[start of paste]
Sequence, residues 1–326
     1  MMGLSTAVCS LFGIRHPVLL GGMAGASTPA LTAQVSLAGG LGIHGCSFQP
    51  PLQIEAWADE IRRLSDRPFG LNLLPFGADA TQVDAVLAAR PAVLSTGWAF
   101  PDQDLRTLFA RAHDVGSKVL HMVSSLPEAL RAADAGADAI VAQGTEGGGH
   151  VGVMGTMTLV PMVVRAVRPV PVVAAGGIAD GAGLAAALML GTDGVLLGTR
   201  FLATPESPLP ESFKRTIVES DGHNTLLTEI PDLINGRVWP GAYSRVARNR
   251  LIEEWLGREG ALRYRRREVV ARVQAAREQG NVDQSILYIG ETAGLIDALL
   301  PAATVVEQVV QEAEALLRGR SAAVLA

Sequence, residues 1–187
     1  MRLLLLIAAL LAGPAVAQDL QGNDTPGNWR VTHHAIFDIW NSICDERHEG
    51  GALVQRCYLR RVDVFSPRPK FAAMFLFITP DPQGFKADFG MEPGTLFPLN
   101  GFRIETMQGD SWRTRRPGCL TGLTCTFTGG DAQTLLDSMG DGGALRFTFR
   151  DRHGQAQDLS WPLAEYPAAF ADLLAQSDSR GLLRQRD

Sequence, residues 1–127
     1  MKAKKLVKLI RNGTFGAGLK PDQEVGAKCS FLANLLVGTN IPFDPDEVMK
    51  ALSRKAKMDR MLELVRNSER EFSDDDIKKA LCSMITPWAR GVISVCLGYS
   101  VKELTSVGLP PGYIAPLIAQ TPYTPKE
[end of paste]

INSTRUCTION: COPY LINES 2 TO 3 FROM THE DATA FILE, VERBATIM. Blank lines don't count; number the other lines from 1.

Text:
     1  MMGLSTAVCS LFGIRHPVLL GGMAGASTPA LTAQVSLAGG LGIHGCSFQP
    51  PLQIEAWADE IRRLSDRPFG LNLLPFGADA TQVDAVLAAR PAVLSTGWAF